Throughout the plot, Gorbachev was confined to his presidential villa in Foros, Crimea, where he had been on vacation. Gorbachev claimed to have been completely cut off from the outside world, and released a video address in which he said that he and his family’s movements had been restricted and that his ability to communicate with the outside world had been cut.  However, Vyacheslav Generalov, who served as the chief of the president’s security detail, later revealed that although the president’s landline communications had indeed been cut, the secure connection from his Zil limousine was still working and that Gorbachev could have contacted anyone he wanted to by phone, but refused to do so.

Shot from USSR President M. Gorbachev's video address

RIA Novosti . Yuryi Abramochkin
Shot from USSR President Mikhail Gorbachev’s video address to people of his country. 1991 August Coup

The GKChP collapsed in the early hours of 21 August not with a bang, but with a whimper, with KGB chief Vladimir Kryuchkov and Defence Minister Dmitry Yazov, for reasons which remain unclear to this day, refusing to give the order to arrest Yeltsin, to make any attempts to block his movements, or storm the White House where he and senior supporters were holed up.

Sergei Stepashin, the former Russian prime minister who ran the state commission investigating the activities of the GKChP after its collapse, has speculated that the GKChP planned to replace Gorbachev with Yeltsin as head of the USSR. Former Yeltsin bodyguard Alexander Korzhakov has confirmed in interviews that Yeltsin met with Kryuchkov on 17 August 1991 for talks, and that the KGB chief had asked him to “take care of Boris Nikolayevich” as they were leaving his office.

After the GKChP’s disintegration, the Soviet Communist Party was banned, Gorbachev was returned to Moscow with his powers significantly weakened, and several months later, on 8 December of 1991, the leaders of the Russian, Ukrainian and Belarusian republics met at a datcha in the Belovezhskaya Puscha forest in western Belarus to formally declare that the USSR had ceased to exist. Gorbachev initially dismissed the constitutionality of this declaration, but eventually caved in and resigned on 25 December, with the Soviet of the Republics (the upper chamber of the Supreme Soviet) meeting on 26 December to formally vote the country and itself out of existence.

Gorbachev has repeatedly blamed the GKChP conspirators for the USSR’s collapse. In 2019, he told German news magazine Der Spiegel that “those who organized the coup in August 1991, and who took advantage of the weakened position of the president of the USSR, are responsible for the end of perestroika and the collapse of the Soviet Union.”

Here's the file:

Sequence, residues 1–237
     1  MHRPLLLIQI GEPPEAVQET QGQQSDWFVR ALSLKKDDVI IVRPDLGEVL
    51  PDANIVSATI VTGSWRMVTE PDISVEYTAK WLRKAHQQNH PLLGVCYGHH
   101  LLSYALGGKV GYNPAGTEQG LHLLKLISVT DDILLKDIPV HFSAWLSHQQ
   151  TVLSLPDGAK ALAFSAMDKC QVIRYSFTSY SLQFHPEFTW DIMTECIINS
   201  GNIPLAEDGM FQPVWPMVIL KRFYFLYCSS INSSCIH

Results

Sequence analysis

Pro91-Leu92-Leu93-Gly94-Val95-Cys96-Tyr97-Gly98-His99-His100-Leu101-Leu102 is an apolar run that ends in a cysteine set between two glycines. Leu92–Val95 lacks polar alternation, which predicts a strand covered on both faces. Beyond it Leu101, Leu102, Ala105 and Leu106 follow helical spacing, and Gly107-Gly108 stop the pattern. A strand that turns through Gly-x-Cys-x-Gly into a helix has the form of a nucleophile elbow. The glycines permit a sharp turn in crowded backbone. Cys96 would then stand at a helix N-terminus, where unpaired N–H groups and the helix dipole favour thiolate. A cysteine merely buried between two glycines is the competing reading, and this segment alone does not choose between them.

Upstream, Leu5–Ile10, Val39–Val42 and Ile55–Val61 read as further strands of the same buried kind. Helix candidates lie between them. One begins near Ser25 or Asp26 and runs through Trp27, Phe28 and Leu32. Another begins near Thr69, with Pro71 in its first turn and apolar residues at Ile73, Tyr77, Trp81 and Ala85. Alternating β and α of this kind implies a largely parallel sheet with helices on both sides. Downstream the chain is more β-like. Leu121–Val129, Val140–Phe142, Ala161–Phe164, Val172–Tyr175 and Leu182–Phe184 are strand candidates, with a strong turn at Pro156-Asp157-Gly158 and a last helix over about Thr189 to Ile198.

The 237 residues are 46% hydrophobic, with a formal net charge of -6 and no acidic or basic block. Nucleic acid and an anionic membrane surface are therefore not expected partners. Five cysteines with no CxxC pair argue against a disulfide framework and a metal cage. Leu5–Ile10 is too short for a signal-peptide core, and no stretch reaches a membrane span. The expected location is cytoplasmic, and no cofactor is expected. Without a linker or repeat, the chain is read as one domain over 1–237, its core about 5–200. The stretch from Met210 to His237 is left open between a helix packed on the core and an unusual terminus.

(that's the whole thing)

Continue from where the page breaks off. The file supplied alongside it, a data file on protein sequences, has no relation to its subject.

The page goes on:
However, Alexei Rutskoy, the former vice president of Russia who served as Yeltsin’s right hand during the events of August 1991, categorically rejects classifying the events as a coup or putsch attempt.

“I would like to emphasize once again that this was not a putsch, but an attempt, made with mistakes, to save the Soviet Union. And over the years my attitude toward these events has not changed. And how can it, if I am a living witness of the truth of what happened?…This was the introduction of a emergency management of the country. A decision on this matter was made by Gorbachev back in March of 1991. And it took place in August,” Rutskoy said in an interview with Sputnik.

Sputnik / Игорь Михалев
Russian Soviet Federative Socialist Republic President Boris Yeltsin waves a Russian tricolour during a meeting in front of the Russian White House in Moscow, August 1991.

According to Rutskoy, the GKChP’s biggest mistake was sending troops to Moscow. “This shouldn’t have been done. And afterwards distorted information had been released that Gorbachev was arrested. I took Gorbachev from Foros, and I stopped this whole process, not the ‘great commander’ Yeltsin.” Rutskoy suggested that Gorbachev’s claims that he was “arrested” were something the president “invented himself.”

After the plot collapsed, all but one of the senior-most GKChP conspirators were stripped of their posts and sent to prison, apart from Interior Minister Boris Pugo, who committed suicide shortly beforehand. Ten others were jailed and put on trial for high treason, before being amnestied by the Russian Duma in 1994. None publicly expressed regret for their actions. Oleg Baklanov, the former minister responsible for defence issues, was the last of the senior GKChP plot leaders to pass away, dying at age 89 on 29 July, 2021. In his memoirs, Baklanov emphasized that his “conscious [was] clear,” and that he remained convinced that the GKChP was “morally and historically” in the right.

RIA Novosti . Vladimir Rodionov

Sputnik News

South Africa Today – World News – Russia